The boy is colder than he has ever been and sleeps poorly. During the night one of the muls has died and his body is stripped and his glossy obsidian sword claimed by another mul named Sar. They cast the frozen body into a chasm and the boy watches it tumble down the rocks. They ride down the mountain into steamy jungle. The cacophony of noise frightens many of the desert dwellers and they are on a knife's edge all day. The humidity condenses on their skin and on their clothes and weapons. Colorful monkeys dance above their heads and scream strange words at them like miniature crazy sorcerers. They taunt the warriors, jabbering and swinging inches over their heads. The half elf becomes violent. I'm gonna kill them gith begotten things, he says through clenched teeth and removes a cavalry bow from his saddle. The half elf's first arrow pierces a bright blue monkey's chest and it falls from its perch silently. The sight of blood electrifies the party and the boy throws his spear through one of his minute tormentors and the others are attacking. The half giant pulls two monkeys down from a tree with his hands and hurls them against the ground with enough force to make them bounce and Sar hits one with his sword as it tries to flee and animal blood spills like mother's tears in wartime and two muls run after a lavender monkey that fled into the foliage and return with it and one grabs its arms and the other its legs and they tear it in half. Reisa has thrown her sword and she advances on the monkey her toss has stunned and gouges its eyes out with her fingers and throws it into the jungle to die without sight. The green monkey the boy impaled is not dead. It lies on the forest floor amongst thick grasses struggling for breath and stares up with glassy eyes. In each black orb the boy sees a perfect miniature sun.
The dwarf watches all this with a smile and advises the spent champions not to eat the fallen beasts. The slaughter of the monkeys pacifies the group for the remainder of the ride and few words are spoken and with no meaning. At night a human man named Chizan leaves the camp to urinate and the boy sees him go and watches as a huge black form extends itself out of the jungle and envelops him. Parts of the unfortunate appear to vanish into the inky black creature and the boy can see his eyes against that pure black, white and terrified. Chizan's screams wake the party and those with bows shoot arrows into the black figure that the dwarf's crodlu will not look at but it carries their comrade off nonetheless. His screams go on all night from some hidden location and none are willing to go after him and none sleep now except the dwarf, whom nobody has seen do so ever. The boy watches the moons and thinks of war.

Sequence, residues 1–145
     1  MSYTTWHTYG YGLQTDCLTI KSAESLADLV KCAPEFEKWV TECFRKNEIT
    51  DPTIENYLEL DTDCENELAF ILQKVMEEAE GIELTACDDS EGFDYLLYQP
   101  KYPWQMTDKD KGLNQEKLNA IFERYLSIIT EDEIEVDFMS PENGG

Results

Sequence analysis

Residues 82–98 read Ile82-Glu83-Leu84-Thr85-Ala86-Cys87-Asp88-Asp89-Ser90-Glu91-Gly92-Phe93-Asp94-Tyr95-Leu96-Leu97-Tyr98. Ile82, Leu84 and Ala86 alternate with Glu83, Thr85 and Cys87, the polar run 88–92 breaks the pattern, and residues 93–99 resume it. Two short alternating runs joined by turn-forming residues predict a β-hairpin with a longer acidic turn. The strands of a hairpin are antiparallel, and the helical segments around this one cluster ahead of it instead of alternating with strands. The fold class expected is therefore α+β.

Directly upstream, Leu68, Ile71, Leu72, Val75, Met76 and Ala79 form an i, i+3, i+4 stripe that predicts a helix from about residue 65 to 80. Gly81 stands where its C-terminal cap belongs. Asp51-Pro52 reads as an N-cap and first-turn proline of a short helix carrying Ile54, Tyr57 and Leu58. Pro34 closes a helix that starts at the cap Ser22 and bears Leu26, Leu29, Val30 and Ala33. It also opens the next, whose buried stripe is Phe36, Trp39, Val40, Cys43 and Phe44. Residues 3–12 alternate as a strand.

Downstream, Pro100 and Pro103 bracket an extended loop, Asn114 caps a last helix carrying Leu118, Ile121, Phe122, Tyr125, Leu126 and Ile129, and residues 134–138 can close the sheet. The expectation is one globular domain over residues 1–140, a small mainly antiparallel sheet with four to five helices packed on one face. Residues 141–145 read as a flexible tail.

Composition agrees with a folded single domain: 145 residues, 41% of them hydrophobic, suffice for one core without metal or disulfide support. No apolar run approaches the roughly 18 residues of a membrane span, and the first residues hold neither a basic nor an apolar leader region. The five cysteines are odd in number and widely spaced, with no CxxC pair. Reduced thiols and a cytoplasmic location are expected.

The next day the jungle becomes so dense that they must walk and lead the kanks and the airborne insects, which are unfamiliar to the desert warriors prey upon them like hungry kreen. The half giant is silent and tormented by bites. The dwarf rides down the line and talks to him in his strange dialect. The colossal warrior appears even dourer as the dwarf moves back to the head of the group. Verdant leafy echoes surround them and water that is worth its weight in silver in the desert is an annoyance. The foliage becomes so heavy that they must dismount and lead their kanks and let the blood-eyed crodlu lead, but it only grows thicker as the day passes. Ultimately Sar the ex-gladiator has to cut a path with his obsidian blade. It rains for many hours without respite and as the rains lift, the half elf, who has been scouting ahead comes running back to the dwarf, huge axe banging against his thin leg. A party of halflings, he says with a grin on his frail face. Camped. Few guards. I already killed the ones facing east.